This latest epic by director Ridley Scott is full of amazing photography, sweeping scenery, and terrifying special effects. The battle between the Hittites and Egyptians in the early part of the film, is quite realistic and helps to set the stage for the later division between Ramses (Joel Edgerton) and Moses (Christian Bale). The Pharaoh’s son and nephew, respectively, have been raised together and are both trusted advisors. Just before the battle, though, the Pharaoh’s soothsayer says that “a leader will be saved and his saviour will become a leader”. During the battle, Moses saves Ramses’ life, and this becomes the start of dissension between them. When Ramses is asked by his father (Pharaoh played by John Turturro) to go and see that the Viceroy is keeping the building of tombs and monuments on track, he balks and Moses goes in his place, hence setting the scene for his discovery of his true roots and the vicious treatment of his people.
The sets are absolutely stunning. The slave town where the tombs and monuments are being built and the palace the thieving Viceroy has built for himself are, out of necessity, on a grand scale. The Pharaoh’s palace and surrounding city and the desert settings shot in Spain and the Canary Islands are beautiful. You can get an excellent sneak preview in this trailer:
The costumes are well-researched and the jewellry design are amazing reproductions. There is some fine acting from the lead players and it would have been nice to see larger parts for Ben Kingsley (Nun) and Andrew Tarbet (Aaron).
What you shouldn’t expect to get is a Biblical representation of the story. There are no face-to-face competitions between Moses and the Pharaoh’s sorcerers or magicians. No demands to “Let my people go, or else . . .” Instead of a staff, Moses carries a sword and trains a small Hebrew army in disruptive tactics. The miracles are more humanly explainable, for instance, the Nile turns red from blood as giant crocodiles attack Egyptians on the river. There is no holding up of a staff to part the Red Sea; it kind of drains away slowly overnight, and then returns like a huge tsunami (rather reminiscent of the huge waves on the first planet Ranger lands on in Interstellar) bashing both Ramses and Moses around while the rest of the Egyptian army is destroyed. And, not content to have God represented by a disembodied voice behind a burning bush, Scott has elected to use an 11-year-old boy (Isaac Andrews), who sometimes seems vengeful and petulant, and who can only be seen by Moses.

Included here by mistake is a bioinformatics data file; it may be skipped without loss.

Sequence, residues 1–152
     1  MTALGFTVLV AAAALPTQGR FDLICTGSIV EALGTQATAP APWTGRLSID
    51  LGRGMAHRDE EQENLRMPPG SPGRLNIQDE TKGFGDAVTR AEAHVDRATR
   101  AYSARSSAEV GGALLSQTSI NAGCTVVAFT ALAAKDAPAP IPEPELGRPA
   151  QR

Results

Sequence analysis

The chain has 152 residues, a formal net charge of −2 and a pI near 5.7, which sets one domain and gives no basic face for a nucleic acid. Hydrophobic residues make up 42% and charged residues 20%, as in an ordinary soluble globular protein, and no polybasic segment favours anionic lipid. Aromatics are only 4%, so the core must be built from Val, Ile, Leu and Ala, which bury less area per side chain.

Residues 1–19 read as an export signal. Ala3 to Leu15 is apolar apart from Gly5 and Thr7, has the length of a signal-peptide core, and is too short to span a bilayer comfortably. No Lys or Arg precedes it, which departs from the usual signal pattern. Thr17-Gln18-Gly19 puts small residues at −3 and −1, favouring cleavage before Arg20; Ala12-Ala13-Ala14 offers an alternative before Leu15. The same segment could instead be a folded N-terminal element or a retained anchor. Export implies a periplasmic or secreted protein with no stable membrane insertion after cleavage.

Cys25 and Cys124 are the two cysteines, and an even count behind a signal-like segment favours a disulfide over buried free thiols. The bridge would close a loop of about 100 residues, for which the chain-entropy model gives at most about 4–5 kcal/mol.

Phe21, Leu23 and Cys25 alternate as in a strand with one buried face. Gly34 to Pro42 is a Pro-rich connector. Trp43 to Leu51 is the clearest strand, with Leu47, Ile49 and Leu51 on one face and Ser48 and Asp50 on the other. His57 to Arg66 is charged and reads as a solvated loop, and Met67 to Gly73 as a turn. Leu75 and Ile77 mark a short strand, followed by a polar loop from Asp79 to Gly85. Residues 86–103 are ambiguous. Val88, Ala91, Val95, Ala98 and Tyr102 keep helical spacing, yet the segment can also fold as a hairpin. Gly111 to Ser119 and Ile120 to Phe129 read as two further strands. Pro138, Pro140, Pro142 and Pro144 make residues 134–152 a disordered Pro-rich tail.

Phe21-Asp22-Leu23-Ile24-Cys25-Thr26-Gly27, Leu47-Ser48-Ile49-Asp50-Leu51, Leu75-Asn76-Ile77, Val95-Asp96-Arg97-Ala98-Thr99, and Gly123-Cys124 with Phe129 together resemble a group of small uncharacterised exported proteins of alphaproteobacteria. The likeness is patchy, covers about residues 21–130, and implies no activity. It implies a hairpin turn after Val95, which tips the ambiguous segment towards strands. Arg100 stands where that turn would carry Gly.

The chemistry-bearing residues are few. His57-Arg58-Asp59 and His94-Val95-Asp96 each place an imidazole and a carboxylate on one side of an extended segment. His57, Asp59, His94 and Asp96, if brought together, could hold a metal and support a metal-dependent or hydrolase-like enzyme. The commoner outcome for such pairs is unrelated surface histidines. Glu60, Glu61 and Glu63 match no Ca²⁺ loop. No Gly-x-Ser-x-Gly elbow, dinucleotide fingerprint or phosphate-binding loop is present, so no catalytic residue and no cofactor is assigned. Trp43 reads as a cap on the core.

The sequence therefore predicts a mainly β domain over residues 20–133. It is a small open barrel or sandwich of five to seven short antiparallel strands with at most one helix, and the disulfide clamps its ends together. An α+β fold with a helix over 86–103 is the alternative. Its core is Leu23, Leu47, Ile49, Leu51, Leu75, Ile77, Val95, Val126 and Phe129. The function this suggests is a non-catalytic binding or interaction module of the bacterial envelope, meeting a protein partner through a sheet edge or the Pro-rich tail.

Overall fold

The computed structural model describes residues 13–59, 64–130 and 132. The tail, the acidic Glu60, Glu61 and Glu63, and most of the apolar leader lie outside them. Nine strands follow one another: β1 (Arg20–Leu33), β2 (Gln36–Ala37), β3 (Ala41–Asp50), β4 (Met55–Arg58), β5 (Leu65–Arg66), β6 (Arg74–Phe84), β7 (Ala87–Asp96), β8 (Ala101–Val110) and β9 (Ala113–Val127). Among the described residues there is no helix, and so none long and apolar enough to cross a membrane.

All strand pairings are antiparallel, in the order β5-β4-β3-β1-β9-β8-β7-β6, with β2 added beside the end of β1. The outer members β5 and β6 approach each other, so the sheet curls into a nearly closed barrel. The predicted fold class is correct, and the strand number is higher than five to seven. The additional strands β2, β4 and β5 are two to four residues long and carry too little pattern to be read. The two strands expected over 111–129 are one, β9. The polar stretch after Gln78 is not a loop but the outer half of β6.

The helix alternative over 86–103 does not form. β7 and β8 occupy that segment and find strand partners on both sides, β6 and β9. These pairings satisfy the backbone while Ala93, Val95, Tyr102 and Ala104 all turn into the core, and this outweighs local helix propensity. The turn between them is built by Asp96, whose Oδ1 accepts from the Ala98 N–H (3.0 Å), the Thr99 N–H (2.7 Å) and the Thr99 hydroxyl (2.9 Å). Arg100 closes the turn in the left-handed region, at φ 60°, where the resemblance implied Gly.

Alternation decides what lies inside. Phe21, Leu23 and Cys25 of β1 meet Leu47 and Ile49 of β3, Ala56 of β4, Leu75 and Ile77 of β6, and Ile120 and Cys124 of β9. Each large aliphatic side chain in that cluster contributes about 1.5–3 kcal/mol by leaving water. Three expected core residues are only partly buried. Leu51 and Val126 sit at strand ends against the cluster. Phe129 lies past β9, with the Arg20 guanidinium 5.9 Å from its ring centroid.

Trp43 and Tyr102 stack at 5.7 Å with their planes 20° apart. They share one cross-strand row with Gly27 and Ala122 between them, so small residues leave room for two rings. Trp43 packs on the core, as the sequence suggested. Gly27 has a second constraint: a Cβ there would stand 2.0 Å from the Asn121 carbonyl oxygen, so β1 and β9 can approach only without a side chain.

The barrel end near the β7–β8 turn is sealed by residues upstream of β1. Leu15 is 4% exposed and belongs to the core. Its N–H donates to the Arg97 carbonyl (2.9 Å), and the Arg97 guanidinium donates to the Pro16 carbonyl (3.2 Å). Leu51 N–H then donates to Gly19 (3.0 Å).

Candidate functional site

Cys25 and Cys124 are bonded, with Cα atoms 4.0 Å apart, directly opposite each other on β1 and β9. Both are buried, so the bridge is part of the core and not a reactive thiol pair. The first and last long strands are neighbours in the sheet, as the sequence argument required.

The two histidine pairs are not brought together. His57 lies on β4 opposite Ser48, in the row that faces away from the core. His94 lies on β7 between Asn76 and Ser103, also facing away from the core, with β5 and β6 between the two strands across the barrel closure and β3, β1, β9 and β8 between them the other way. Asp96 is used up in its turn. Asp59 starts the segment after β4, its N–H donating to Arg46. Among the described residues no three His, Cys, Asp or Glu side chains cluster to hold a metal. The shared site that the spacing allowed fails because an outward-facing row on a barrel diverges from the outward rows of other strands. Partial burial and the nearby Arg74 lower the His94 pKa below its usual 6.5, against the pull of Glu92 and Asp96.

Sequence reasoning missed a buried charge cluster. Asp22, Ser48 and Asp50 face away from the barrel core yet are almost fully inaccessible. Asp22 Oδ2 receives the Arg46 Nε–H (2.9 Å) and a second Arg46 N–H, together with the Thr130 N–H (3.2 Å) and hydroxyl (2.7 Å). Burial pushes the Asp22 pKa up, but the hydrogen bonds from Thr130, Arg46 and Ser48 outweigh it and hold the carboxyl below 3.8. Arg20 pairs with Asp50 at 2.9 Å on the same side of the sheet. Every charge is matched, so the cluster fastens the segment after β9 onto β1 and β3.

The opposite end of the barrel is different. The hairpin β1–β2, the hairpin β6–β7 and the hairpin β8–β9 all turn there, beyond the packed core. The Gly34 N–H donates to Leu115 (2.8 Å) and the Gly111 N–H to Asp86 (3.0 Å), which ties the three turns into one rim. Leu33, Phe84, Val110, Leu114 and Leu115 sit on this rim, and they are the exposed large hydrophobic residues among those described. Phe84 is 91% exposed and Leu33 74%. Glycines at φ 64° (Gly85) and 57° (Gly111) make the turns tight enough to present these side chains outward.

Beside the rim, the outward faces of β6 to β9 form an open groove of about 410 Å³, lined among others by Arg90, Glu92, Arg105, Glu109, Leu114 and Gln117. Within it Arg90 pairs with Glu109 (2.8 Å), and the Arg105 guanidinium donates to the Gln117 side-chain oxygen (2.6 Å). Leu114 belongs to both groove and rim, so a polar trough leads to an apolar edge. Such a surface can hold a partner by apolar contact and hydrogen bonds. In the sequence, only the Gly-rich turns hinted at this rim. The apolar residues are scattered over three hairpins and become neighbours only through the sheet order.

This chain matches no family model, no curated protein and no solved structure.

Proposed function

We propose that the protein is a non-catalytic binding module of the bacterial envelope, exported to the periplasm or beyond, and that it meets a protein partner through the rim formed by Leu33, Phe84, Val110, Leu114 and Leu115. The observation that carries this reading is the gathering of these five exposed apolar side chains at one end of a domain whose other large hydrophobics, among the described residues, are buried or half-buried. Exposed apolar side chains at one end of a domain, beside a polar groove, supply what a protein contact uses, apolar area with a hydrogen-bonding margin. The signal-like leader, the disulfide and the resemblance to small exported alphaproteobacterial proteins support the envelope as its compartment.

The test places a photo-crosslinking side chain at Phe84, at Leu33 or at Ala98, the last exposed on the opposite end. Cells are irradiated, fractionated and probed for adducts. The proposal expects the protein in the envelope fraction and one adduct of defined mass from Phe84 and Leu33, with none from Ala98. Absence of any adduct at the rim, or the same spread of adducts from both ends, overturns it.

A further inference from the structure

While this rendering of the story of Exodus isn’t quite as long as Cecil B. DeMille‘s version, the latter had an intermission. The story moves along, though, and I didn’t find it too long. I was a bit disappointed as it was supposed to be the 3-D version being shown but the theatre was having “trouble with some of the features” and showed the 2-D version, refunding $3. after the movie. So I can’t comment on how the 3-D looked.
Definitely a movie worth seeing despite some of the departures from the written version and some of the more controversial “casting” decisions. The movie has received a lot of criticism, but I think some people just like to show how cleverly they can tear something apart. It is PG-13 as there are some rather gory and/or violent scenes and intense images. * * * *